Parsha Halacha

Parshat Vayeira

Pat Yisrael; Its History and Applications

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In the Torah portion of Vayeira we find Avraham hosting three guests who turn out to be angels. The Chumash tells us  (Gen. 18:5) that Avraham said to his wife Sarah, “מַהֲרִי שְׁלֹשׁ סְאִים קֶמַח סֹלֶת לוּשִׁי וַעֲשִׂי עֻגוֹת – Quick, take three se’ahs of choice flour, knead, and make cakes!”
The commentaries point out that three se’ahs is quite a large amount of flour, and they offer various explanations as to why it was necessary for Sarah to make so much bread. (Each se’ah is the volume of 144 eggs.) Here are some explanations:
  • Meal for Many
The Ramban writes that in honor of their important guests, Avraham and Sarah prepared a meal for their entire household which included a large number of people.
  • Sifted Flour
The Chizkuni writes that the volume of three se’ah was of קֶמַח,  coarse flour. After Sarah sifted it, however, and made it into סֹלֶת, fine flour, the volume of flour became one issaron per person (the volume of 43.3 eggs). According to the Talmud (Eiruvin 83b) this is a usual amount of bread for a person to eat on a daily basis. The coarse flour which had been sifted out was made into a dough that was used to seal the pot and draw out the scum (Rashi).
  • Filling the Oven
Alternatively, the Chizkuni suggests that Avraham’s oven fit the volume of three se’ahs. As such, he told Sarah to bake this amount even though they had no need for it at that time because when an oven is filled, the heat is distributed more evenly and the bread bakes better (see Beitzah 17a and O.C. 507:6).
  • For the Road
The Shela (cited in Etz Yosef on Bereishit Rabbah 48:12) writes that Sarah prepared extra food for the guests to take with them on their further travels.
While we’re on the topic of bread, we will discuss some of the history and laws regarding pat yisrael,  eating bread baked only by a Jew.
Pat Akum
The Talmud says that the sages forbade the eating of certain foods prepared by gentiles in order to minimize the fraternizing of Jews and gentiles and thus prevent intermarriage. One of these foods is bread. The prohibition of consuming bread baked by a gentile applies even if all of the ingredients and utensils used are kosher.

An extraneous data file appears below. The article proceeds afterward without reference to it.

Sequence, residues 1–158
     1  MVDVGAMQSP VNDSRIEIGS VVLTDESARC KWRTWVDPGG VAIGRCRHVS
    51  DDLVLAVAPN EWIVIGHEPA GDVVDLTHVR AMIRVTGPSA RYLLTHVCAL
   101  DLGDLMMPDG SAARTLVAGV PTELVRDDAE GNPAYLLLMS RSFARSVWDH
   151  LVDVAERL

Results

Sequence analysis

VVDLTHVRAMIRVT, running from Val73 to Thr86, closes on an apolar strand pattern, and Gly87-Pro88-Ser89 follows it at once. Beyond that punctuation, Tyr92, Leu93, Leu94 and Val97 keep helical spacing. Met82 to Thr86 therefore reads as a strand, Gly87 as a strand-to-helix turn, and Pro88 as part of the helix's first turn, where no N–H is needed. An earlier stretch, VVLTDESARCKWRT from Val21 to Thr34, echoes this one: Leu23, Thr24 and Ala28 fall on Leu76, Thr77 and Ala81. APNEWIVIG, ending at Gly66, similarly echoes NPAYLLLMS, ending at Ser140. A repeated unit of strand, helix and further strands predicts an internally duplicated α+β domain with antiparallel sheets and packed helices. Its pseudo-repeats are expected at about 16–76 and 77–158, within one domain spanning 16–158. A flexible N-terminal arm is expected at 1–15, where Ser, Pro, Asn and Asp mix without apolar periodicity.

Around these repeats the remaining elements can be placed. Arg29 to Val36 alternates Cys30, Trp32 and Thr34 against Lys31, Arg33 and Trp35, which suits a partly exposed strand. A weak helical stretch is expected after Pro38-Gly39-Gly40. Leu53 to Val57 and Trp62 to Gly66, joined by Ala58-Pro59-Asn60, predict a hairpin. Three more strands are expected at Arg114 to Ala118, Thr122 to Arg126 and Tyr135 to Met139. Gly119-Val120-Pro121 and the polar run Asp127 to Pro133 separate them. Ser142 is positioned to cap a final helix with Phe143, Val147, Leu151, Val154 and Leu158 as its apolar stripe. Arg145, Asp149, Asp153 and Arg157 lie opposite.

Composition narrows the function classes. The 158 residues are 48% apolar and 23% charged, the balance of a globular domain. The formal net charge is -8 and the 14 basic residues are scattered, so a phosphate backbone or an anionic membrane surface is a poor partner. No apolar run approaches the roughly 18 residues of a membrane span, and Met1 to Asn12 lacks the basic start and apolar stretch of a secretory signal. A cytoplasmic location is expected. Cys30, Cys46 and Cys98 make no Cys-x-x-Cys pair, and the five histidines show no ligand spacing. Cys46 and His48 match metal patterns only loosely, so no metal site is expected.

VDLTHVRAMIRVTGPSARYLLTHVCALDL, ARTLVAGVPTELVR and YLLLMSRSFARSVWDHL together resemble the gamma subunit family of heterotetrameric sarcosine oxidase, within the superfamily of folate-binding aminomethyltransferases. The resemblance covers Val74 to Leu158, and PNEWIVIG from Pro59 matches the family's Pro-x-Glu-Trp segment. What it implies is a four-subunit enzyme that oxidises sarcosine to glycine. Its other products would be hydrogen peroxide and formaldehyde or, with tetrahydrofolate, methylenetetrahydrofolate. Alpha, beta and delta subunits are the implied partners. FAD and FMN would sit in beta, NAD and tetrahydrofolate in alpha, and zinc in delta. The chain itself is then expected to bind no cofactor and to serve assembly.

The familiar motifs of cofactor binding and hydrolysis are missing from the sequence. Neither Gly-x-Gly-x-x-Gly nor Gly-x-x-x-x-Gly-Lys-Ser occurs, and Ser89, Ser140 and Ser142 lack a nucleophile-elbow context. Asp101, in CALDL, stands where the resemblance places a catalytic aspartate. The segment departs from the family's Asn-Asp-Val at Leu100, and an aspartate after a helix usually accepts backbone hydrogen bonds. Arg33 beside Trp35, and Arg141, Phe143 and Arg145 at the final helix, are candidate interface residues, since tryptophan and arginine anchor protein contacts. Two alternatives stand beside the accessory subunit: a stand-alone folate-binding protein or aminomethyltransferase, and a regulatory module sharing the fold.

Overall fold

Defining the Terms
The term pat akum means bread baked by a pagan or gentile (which is forbidden, but see below for exceptions).
Pat yisrael means bread baked by a Jew (which is permissible).
Pat palter means bread baked by a gentile baker (which some say is permissible, see below).
Pat ba’al habayit means bread baked by a private gentile person (which is almost always forbidden, see below).
History
  • Daniel in Babylonia
Some say (Ramban on Avodah Zarah 36a) that Daniel (advisor of the Babylonian kings) decreed against eating gentile bread, as the verse says (Daniel 1:8), “Daniel resolved not to be defiled by the king’s bread, food, or by the wine he drank.” Others interpret the verse to mean that he refrained only from food and wine but not from bread (see Tosfot on ibid, D.H. Asher), while yet others hold that he personally abstained from these foods but didn’t decree against eating them for the public at large (Ritva on Avodah Zarah ibid).
In any case, even if he enacted a decree, it was not accepted by the Jewish community and therefore not considered binding.
  • Students of Hillel and Shammai
The Talmud (Shabbat 13b and 17b and Avodah Zarah ibid) recounts how the students of Hillel and Shammai once went to the attic of Rabbi Chanaya ben Chizkiya ben Garon to visit him when he was ill. While there, they took a count and realized there were more students of Shammai than of Hillel. Since they were in the majority, the students of Shammai took the opportunity to enact 18 decrees. (The students of Hillel were generally not as strict as the students of Shammai, and had Hillel’s students been in the majority these decrees would not have passed.) One of those 18 decrees was not to eat gentile bread.
  • Repealed or Not?
The Talmud (ibid 37a) recounts that Rabbi Yehudah Nessiah (a grandson of Rabbi Yehudah HaNassi) wanted to repeal the decree of pat akum. But since he had already permitted two other things (see there), he didn’t want to permit a third thing and be considered an overly lenient beit din. According to the Jerusalem Talmud (Avodah Zarah 15a and b) however, the rabbis repealed the prohibition of pat akum in a place where there is no pat yisrael to be found.
  • Accepted or Not?
Tosfot says that we can infer from the fact that Rabbi Yehudah Nessiah considered repealing this law that it was not accepted by the Jewish community at large. For, had it been accepted, it would have been impossible for him to repeal it (see Avodah Zarah 36a). Tosfot writes that this explains why many people are not particular about these laws as a Rabbinic decree that was not accepted is not binding. (But see Ramban who writes that it is binding in the places where it was accepted.)
Mitigating Factors
  • Bakery Bread